Awaji Izakaya

By / Photography By & | April 27, 2024
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A scene from the often busy front bar.

In January of 2023, chef Richard Ly quietly opened Awaji Izakaya and simultaneously tightened up local sushi standards that had been on the slide.

He didn’t do it in a cool downtown locale or in an entertainment district carved out of historic buildings. Ly built his izakaya, named for an island on Osaka Bay’s southwest coast, out of ancient Godfather’s Pizza bones surrounded by a sea of bedroom communities closer to Okarche than Norman.

Awaji opened before JK by Chef King, and together they’ve helped local sushi fans cope with the loss of Tsubaki Sushi and Gun Izakaya during the pandemic.

Despite a location nowhere near where the cool kids hang, Awaji is booked solid on weekends. A little over a year since taking the biggest leap of his life, the 50-year-old Ly is hosting omakase dinners and drawing the attention of the city’s top chefs at the unlikely culinary hot spot of Rockwell and NW 122nd Street, without selling chicken-fried steak.

In Japan, izayakas are the local tapas bars and happy hour haunts. Awaji serves the expected otsumami plates like yakitori, Furikake Fries, and a Tuna Tartare that shows up on several shareable plates. It also offers signature cocktails, classic Japanese highballs, and the beer and whiskey expected at an izakaya.

Awaji adds a full sushi program, but location dictates the restaurant must appeal to families for survival. It does that with hearty noodle soups, entrees, a kids menu, and five kinds of dessert. The Beef Short Rib Udon built on a dashi broth and umami-fied by shii-take mushrooms isn’t to be missed. Ly’s menu also includes Beef Tenderloin Teriyaki, Ahi Tuna steak, filet mignon, and a surf and turf option.

Ly came to Oklahoma City in 2013. That was the same year Tsubaki opened in a tiny space less than two miles from where Awaji stands. Despite being adjacent to a gas station, Tsubaki reset local sushi standards and a boom followed; a boom Patrick Mok wanted to join by opening Café Icon in Edmond. To do it, he recruited Ly from Dallas.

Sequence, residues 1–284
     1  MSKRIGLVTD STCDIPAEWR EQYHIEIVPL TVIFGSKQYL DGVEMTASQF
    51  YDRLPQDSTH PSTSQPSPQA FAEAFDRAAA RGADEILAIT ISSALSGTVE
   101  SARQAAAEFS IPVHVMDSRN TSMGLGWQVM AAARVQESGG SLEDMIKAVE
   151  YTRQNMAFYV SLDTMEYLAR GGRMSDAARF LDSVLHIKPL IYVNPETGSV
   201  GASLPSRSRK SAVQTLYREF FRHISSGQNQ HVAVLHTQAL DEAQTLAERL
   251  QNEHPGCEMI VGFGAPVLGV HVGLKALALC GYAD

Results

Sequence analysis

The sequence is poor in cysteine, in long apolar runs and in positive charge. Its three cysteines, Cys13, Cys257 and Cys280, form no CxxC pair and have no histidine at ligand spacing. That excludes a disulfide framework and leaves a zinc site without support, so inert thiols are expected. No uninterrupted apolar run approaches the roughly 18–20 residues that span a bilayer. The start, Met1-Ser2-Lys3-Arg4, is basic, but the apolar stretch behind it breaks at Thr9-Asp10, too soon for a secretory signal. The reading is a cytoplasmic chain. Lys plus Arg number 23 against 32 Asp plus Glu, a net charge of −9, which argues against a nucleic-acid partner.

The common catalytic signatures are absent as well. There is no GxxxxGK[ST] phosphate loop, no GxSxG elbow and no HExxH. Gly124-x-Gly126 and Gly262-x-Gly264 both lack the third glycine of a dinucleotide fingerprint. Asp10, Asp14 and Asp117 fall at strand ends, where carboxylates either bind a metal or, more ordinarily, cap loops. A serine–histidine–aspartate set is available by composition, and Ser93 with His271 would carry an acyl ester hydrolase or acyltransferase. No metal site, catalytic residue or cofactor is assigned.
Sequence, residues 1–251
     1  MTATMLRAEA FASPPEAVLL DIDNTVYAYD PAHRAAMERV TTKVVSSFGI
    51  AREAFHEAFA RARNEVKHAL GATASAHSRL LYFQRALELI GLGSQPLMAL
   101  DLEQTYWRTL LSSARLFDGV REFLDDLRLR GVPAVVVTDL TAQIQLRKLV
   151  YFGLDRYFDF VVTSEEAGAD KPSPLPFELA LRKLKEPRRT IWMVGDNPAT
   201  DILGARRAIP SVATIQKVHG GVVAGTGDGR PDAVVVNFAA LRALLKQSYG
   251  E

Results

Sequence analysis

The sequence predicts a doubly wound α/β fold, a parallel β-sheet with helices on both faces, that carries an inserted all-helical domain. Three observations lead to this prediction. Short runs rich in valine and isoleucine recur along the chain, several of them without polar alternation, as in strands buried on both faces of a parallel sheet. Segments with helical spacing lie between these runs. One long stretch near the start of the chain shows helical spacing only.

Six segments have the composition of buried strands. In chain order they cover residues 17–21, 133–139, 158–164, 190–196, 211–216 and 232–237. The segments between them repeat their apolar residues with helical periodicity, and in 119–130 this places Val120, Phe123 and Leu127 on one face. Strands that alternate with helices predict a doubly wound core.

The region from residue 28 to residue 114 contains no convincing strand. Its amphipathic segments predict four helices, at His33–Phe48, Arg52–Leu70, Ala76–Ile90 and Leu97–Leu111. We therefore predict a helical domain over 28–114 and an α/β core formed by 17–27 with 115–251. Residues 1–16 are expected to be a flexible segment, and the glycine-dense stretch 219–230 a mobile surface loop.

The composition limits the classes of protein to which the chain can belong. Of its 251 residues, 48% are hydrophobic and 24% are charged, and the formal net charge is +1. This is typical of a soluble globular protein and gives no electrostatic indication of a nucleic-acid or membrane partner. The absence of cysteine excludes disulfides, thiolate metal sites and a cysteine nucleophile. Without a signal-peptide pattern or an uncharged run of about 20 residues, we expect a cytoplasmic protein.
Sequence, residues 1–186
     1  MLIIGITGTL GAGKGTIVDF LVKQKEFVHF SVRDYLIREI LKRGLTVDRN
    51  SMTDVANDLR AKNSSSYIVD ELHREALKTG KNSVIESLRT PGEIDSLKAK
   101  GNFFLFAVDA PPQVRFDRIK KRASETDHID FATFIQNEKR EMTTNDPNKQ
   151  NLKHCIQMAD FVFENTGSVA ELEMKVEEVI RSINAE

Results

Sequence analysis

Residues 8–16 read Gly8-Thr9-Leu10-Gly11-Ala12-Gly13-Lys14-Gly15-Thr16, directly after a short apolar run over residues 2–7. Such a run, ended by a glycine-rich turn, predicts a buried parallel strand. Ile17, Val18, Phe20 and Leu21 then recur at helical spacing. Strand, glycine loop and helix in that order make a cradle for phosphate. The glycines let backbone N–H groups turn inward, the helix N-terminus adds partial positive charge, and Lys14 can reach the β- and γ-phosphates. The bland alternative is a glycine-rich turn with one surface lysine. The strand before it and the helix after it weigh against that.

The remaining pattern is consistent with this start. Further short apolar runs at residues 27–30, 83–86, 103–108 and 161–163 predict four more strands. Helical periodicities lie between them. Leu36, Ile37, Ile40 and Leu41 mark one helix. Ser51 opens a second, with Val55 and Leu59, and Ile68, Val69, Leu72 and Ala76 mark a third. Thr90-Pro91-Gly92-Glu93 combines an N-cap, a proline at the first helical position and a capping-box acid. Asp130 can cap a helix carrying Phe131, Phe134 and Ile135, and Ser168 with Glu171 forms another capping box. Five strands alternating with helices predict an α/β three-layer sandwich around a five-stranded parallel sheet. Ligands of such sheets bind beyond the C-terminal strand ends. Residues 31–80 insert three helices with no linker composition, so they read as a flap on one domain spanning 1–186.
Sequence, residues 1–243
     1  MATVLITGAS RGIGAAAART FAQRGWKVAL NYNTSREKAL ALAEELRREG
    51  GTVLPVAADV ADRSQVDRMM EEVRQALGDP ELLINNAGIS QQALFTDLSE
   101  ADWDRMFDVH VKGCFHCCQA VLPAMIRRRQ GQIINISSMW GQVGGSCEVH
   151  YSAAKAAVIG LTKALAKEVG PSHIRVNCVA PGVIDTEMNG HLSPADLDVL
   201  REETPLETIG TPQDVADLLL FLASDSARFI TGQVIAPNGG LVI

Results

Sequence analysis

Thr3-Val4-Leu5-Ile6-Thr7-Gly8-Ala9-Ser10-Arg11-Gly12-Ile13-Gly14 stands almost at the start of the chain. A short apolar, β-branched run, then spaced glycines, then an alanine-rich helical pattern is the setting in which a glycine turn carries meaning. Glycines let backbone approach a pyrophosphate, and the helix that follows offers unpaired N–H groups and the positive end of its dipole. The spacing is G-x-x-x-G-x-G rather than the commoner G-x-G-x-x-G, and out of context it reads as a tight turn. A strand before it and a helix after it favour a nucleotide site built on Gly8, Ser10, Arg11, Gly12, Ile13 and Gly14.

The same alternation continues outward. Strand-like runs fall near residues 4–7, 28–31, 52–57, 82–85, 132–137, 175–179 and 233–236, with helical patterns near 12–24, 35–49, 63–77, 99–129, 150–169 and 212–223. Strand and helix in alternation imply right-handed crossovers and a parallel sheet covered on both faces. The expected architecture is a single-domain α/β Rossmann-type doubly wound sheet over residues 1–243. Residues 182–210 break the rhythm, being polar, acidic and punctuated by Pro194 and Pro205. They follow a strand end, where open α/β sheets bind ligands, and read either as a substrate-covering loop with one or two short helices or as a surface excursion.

Ly was with Café Icon three years before he took a job at P.F. Chang’s. Four years there didn’t improve his sushi game, but it did hone his operations skills. When Hal Smith Restaurants tapped him to install the distinctive sushi program at Jimmy B’s in 2020, he was armed and ready.

“I ended up as executive chef and general manager,” he says. “That got me ready to do my own thing better than anything else could.”

Ly grew up in the Dallas-Fort Worth metroplex and landed in the food-service industry after a brief period selling computers during the PC boom of the 1990s. He proved himself managing a Chinese restaurant that turned into an opportunity to learn sushi technique from chef Kazuaki Miyagi at Kampai Sushi and Grill in Addison, Texas, back in 1999. He was four-years deep at Umeko in Plano, where he learned lobster sashimi technique, when Mok called.

“After I left Café Icon, we were gonna move back to Dallas but found it too expensive,” he says.

Ly first learned classic Okinawan-style sushi from chef Miyagi. Running his own kitchen for Miyagi from 2002 to 2006, he expanded his arsenal of techniques.

“I had nobody above me, nobody to tell me what to do, except when I had questions, I’d just call Miyagi,” he says. “So, I really learned traditional Okinawa-style sushi. The Okinawa style is different from Tokyo. The press-style sushi we did at Jimmy B’s is from Tokyo.”

He remains close with his mentor at HSR, corporate chef Brad Johnson.

“He texts all the time and is in here a couple of times a week,” Ly says. “I learned a ton from him, still do. He hired me because he knew I had knife skills, but now if he’s trying to work out a problem with Asian flavors, he calls me.”

Ly has a partnership with a husband and wife who are both aerospace engineers. They designed the restaurant and handle social media. Plans for long-term growth exist, but Ly’s sights are set closer.

“I started with a two-page menu, and now it’s a four-page menu,” he said. “We were really slow at first, and that was a way to just get the kinks out before adding more. I still feel like there are kinks to work out. We’re in no hurry.”

The most Oklahoma item on Ly’s menu is the Volcano Roll. Whether you call it Volcano or Red Canyon, we’re talking about a classic California Roll covered in crawfish and shrimp dressed in spicy mayonnaise. Sushi aficionados turn their nose up at it. However, Ly’s version is so objectively delicious only the willfully obtuse would turn it down.

The high point is no doubt the Nigiri rolls, among the 30 or so sushi presentations Awaji offers. Not since Tsubaki have I come across rice seasoned as beautifully as Awaji’s.

“As far as sushi, I try to strive for just being different,” says Ly. “I do what I know best, branch off a little bit and hope for the best.”

> Awaji Izakaya, 12305 N. Rockwell Ave., Oklahoma City, (405) 367.7360,


Photo 1: Awaji Izakaya’s cozy tables.
Photo 2: Tuna Tartare, Rainbow Rolls, Crawfish Volcano, Pork dumplings, and Beef Short Rib Udon Noodle Soup.
Tuna Tartare, Rainbow Rolls, Crawfish Volcano, Pork dumplings, and Beef Short Rib Udon Noodle Soup.
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